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The Making of Conflict-Prone Development: Trade and Horizontal Inequalities in Peru

  • Jos� Carlos Orihuela

    (Pontificia Universidad Cat�lica del Per�, San Miguel, Per�)

L’importance de l’industrie extractive, les aspects exclusifs de la croissance tirée par l’exportation, et les politiques préférentielles dont bénéficie la région côtière du Pérou, constituent des éléments clés pour comprendre la nature du développement et des conflits dans ce pays. L’intégration accélérée du pays dans l’économie mondiale a transformé la structure sociale du pays, qui depuis l’ère coloniale est marquée par l’exclusion sociale. Le nouveau modèle commercial a amplifié les disparités entre les régions ainsi qu’entre les campagnes et les villes. La politique commerciale a suivi une trajectoire pendulaire marquée par un laissez faire qui a favorisé l’élite blanche de la région côtière. Au cours de ce processus de montée sociale, les peuples indigènes des Andes ont migré en masse vers la côte péruvienne et sont devenus des ‘cholos’; ils ont vu leurs conditions de vie s’améliorer, mais ont dû faire face, dans leur vie quotidienne, à diverses formes d’exclusion. ‘Indio’ est devenu synonyme de ‘arriéré’. Cette étiquette reste attachée aux populations vivant dans les Andes et dans la région amazonienne, et qui ne bénéficient pas du nouveau modèle commercial. L’expansion des exportations de ressources naturelles recrée et renforce des identités de groupes, et donc les écarts entre ces derniers, écarts qui donnent naissance à des trajectoires de développement sujettes au conflit.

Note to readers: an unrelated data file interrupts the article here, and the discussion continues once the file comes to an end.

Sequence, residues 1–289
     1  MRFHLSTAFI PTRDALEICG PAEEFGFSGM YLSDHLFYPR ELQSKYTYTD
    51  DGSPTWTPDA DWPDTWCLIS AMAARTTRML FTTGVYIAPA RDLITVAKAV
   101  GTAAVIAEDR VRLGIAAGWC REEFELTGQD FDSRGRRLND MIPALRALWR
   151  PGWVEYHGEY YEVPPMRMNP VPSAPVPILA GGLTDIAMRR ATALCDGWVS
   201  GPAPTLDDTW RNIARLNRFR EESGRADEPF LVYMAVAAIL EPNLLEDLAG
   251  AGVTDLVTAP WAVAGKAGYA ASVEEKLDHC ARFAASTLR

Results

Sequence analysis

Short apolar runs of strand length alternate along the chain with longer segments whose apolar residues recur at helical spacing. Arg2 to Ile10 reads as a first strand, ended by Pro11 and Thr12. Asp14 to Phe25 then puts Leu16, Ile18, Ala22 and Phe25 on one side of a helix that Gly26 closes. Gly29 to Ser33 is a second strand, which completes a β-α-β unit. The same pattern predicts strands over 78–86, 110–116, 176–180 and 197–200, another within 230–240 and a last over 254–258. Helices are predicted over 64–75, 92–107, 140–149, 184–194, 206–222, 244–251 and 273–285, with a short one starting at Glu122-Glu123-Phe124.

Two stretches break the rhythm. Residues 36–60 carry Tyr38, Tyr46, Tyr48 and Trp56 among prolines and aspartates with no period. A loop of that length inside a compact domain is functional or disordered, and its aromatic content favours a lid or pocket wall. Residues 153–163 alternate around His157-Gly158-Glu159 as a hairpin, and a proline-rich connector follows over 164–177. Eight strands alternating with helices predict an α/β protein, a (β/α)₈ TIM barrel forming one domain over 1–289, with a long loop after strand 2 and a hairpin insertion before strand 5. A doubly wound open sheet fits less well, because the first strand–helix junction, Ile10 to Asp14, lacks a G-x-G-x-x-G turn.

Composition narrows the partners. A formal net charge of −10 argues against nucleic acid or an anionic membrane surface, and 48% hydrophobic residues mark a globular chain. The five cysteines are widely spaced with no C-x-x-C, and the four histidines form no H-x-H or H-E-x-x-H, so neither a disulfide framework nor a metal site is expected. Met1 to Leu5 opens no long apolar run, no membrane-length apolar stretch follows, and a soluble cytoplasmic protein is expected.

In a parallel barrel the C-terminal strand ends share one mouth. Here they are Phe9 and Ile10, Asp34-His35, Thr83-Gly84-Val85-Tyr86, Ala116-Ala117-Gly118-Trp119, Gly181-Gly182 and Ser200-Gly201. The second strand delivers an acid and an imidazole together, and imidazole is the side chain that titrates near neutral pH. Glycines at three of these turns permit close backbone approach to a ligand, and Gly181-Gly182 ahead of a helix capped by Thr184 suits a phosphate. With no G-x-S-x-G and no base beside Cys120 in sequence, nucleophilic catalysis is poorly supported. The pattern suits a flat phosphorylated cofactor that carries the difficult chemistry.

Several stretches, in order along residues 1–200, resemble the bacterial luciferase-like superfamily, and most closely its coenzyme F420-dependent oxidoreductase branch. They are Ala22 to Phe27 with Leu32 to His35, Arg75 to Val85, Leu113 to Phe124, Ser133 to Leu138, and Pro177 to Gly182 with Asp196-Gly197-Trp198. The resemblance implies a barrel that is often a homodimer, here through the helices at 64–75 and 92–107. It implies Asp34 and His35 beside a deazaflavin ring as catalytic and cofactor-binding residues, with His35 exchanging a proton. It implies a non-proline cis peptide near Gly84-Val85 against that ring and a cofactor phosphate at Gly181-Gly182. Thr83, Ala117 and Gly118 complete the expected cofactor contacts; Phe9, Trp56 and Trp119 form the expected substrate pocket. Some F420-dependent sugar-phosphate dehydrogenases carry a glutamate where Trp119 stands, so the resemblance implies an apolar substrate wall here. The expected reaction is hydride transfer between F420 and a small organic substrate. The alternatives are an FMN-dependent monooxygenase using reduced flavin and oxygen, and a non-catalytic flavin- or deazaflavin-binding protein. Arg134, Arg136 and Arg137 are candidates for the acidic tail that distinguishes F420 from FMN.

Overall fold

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Article provided by Palgrave Macmillan in its journal European Journal of Development Research.

Volume (Year): 24 (2012)
Issue (Month): 5 (December)
Pages: 688-705

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Handle: RePEc:pal:eurjdr:v:24:y:2012:i:5:p:688-705
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